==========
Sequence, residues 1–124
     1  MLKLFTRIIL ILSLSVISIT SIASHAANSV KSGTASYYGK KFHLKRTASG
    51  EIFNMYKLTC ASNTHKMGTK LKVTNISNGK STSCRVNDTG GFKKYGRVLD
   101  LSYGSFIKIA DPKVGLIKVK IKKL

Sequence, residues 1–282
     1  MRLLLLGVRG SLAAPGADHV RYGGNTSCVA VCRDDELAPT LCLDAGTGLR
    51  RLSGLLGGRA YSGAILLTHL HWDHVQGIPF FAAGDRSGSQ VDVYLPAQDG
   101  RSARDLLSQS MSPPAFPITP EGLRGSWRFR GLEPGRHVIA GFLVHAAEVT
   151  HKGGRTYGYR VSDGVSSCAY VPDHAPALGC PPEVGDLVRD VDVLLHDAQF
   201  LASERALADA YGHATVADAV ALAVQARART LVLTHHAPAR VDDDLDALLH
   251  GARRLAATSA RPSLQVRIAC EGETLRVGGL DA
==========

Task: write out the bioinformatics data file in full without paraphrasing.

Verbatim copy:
Sequence, residues 1–124
     1  MLKLFTRIIL ILSLSVISIT SIASHAANSV KSGTASYYGK KFHLKRTASG
    51  EIFNMYKLTC ASNTHKMGTK LKVTNISNGK STSCRVNDTG GFKKYGRVLD
   101  LSYGSFIKIA DPKVGLIKVK IKKL

Sequence, residues 1–282
     1  MRLLLLGVRG SLAAPGADHV RYGGNTSCVA VCRDDELAPT LCLDAGTGLR
    51  RLSGLLGGRA YSGAILLTHL HWDHVQGIPF FAAGDRSGSQ VDVYLPAQDG
   101  RSARDLLSQS MSPPAFPITP EGLRGSWRFR GLEPGRHVIA GFLVHAAEVT
   151  HKGGRTYGYR VSDGVSSCAY VPDHAPALGC PPEVGDLVRD VDVLLHDAQF
   201  LASERALADA YGHATVADAV ALAVQARART LVLTHHAPAR VDDDLDALLH
   251  GARRLAATSA RPSLQVRIAC EGETLRVGGL DA